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Overview of the Male Reproductive System

Author(s): Deanne Erdmann MS
Showing Results for: human systems Return to Presentation

Tissues in the Human Body

Tissues are groups of cells similar in structure and function. The four primary categories of tissues are epithelial, connective, muscular, and nervous.

  • Epithelial tissues cover the outer and inner surfaces of the body, serving as "gatekeepers" for the passage of materials. Epithelial cells have glandular roles, secreting substances such as mucous and hormones. Some simple epithelial tissues consist of only one layer, while stratified epithelial tissues are comprised of multiple layers. The shape of the cell on the outer surface (columnar, cuboidal, or squamous) facilitates identification of epithelial tissues.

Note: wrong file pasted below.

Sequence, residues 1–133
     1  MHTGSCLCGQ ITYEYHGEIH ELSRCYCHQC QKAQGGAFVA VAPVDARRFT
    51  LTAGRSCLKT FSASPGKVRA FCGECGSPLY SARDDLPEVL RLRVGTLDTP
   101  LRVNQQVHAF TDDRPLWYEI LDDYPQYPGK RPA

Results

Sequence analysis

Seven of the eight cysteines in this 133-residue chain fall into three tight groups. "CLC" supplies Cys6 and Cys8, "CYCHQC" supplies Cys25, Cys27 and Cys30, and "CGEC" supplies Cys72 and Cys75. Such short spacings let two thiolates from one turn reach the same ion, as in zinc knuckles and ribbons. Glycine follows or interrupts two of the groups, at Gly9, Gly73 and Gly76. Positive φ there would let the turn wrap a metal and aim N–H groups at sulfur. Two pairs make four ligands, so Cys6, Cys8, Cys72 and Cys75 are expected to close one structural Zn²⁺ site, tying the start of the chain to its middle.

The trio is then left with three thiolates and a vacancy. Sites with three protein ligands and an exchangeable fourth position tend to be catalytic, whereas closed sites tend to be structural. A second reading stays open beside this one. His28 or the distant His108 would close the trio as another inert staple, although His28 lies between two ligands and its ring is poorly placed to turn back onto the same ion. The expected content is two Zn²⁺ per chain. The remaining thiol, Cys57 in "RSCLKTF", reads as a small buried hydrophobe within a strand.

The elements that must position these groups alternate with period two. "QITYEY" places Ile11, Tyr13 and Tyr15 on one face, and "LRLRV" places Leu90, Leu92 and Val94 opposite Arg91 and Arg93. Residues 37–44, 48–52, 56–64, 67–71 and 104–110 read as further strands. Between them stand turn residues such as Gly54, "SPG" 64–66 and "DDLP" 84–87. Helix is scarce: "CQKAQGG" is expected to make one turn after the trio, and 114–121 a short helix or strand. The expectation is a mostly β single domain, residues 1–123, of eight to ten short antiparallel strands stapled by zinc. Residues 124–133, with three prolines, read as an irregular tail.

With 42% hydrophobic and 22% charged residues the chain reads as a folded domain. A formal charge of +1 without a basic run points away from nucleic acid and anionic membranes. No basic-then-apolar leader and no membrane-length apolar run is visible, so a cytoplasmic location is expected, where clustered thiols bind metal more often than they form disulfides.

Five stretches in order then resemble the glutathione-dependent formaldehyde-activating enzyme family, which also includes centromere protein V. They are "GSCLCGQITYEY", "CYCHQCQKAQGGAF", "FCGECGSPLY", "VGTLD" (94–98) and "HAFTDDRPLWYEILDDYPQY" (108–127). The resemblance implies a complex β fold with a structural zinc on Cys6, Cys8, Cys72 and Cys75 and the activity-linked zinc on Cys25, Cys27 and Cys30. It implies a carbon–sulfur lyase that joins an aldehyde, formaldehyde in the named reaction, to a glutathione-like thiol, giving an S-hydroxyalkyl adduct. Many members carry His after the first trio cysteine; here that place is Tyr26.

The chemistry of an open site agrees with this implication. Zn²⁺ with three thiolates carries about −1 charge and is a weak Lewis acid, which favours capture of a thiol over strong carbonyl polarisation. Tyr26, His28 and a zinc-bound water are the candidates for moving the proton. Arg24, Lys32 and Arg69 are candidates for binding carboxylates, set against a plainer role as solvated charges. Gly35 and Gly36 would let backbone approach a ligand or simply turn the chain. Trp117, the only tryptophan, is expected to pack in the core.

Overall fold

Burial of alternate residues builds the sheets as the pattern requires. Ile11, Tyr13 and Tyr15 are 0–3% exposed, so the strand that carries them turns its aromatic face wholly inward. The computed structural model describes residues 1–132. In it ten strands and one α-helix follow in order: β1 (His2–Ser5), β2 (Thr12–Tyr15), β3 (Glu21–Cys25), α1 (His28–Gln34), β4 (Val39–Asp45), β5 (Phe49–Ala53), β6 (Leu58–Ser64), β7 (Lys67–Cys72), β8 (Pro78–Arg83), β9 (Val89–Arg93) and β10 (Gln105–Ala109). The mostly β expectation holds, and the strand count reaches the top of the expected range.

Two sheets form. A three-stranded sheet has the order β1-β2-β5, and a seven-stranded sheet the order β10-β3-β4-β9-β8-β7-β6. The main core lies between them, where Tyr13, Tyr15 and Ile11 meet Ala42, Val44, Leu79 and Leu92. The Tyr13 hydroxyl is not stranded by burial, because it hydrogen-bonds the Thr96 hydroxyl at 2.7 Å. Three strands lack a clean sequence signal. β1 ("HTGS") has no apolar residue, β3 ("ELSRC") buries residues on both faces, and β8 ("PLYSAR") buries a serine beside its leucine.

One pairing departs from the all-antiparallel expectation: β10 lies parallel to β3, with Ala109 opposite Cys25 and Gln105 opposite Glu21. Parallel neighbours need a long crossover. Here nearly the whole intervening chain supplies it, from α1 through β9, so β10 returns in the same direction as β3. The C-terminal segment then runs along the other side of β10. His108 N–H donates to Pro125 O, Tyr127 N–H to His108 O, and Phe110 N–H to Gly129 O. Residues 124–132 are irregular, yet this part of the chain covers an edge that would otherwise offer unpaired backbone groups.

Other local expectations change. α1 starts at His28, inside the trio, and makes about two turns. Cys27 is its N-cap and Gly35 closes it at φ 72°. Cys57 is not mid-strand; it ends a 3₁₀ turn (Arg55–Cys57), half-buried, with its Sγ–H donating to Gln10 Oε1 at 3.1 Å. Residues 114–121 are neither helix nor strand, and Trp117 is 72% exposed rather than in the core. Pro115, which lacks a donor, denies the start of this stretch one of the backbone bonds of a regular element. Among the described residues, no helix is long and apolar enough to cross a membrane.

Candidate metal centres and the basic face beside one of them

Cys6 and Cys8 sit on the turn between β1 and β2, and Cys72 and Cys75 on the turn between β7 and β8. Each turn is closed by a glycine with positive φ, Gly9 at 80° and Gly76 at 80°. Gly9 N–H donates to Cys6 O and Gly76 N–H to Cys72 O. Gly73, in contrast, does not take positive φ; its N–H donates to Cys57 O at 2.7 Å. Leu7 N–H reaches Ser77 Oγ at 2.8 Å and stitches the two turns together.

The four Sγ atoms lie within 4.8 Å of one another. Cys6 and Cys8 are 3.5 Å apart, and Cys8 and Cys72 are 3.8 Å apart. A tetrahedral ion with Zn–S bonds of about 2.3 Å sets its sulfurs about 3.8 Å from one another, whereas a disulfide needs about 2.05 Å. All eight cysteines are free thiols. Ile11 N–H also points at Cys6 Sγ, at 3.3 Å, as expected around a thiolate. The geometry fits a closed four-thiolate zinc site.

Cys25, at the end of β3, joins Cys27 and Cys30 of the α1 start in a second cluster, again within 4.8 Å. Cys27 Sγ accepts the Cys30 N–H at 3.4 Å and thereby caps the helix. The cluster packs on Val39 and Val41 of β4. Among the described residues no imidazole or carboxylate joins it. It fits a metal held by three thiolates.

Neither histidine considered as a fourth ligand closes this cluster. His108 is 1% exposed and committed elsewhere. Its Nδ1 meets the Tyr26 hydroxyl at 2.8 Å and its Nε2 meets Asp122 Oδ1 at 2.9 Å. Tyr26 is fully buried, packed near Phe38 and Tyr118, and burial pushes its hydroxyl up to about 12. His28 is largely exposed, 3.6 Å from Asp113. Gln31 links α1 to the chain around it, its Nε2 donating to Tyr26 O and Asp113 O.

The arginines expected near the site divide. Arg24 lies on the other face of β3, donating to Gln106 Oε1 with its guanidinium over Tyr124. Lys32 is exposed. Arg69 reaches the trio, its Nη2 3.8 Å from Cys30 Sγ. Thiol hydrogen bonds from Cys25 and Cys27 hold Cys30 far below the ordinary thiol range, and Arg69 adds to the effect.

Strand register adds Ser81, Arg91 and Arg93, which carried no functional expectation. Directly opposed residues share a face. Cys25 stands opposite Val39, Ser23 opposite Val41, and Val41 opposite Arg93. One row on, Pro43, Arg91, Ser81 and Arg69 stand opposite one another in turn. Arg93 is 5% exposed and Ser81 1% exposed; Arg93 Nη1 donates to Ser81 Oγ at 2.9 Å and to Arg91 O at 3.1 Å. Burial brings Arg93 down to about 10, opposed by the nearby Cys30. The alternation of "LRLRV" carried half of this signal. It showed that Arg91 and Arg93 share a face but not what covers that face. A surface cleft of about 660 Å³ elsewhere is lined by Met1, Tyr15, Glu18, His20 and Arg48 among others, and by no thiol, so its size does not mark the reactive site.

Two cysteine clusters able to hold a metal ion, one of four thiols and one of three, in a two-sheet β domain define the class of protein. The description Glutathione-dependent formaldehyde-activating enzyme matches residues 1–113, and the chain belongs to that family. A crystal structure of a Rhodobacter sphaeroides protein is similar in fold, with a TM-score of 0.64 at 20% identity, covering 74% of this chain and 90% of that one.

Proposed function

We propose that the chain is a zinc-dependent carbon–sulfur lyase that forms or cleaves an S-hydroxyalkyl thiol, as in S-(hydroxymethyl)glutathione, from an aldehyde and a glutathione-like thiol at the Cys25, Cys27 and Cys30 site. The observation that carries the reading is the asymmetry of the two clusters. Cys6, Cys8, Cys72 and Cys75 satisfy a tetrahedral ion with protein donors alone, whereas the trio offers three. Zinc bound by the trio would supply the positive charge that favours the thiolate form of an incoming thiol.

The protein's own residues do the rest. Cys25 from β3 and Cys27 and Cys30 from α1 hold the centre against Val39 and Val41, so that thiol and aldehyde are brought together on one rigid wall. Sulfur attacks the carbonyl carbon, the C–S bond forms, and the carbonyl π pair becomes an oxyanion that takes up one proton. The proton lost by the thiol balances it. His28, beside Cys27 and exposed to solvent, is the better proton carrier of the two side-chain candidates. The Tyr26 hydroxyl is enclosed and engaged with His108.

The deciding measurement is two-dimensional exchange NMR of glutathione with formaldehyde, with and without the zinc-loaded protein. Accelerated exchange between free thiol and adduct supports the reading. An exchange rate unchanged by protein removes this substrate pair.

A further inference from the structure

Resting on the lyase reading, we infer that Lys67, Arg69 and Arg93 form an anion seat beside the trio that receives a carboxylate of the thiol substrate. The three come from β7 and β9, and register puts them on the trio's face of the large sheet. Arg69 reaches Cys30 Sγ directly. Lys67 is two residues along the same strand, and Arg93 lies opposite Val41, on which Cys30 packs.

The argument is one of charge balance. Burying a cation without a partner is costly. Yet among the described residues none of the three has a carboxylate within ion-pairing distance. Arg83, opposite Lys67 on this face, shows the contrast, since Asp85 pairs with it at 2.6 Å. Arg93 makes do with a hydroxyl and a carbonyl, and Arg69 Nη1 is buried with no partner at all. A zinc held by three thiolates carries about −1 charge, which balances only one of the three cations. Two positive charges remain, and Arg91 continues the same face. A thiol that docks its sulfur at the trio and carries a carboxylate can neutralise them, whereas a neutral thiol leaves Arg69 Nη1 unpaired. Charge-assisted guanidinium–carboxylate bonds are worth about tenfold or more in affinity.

• Connective tissues help to bind, support, and join other tissues. The cells of connective tissues are sparsely arranged in a profuse extracellular matrix which can be fluid (as in blood), flexible (as in cartilage) or hard and crystalline (as in bone). 
  • Muscle tissues, composed of cells called fibers, are unique in the abundance and arrangement of actin and myosin filaments, which enable muscle to contract. In humans, there are three types of muscle tissues: smooth, cardiac, and skeletal.
  • Nerve tissues are comprised primarily of neurons (nerve cells), which detect stimuli and send responses in the form of electrochemical charges called impulses. Nerve tissues include a variety of supporting cells called neuralgia and Schwann cells. These cells support, insulate, and eliminate foreign materials in and around neurons.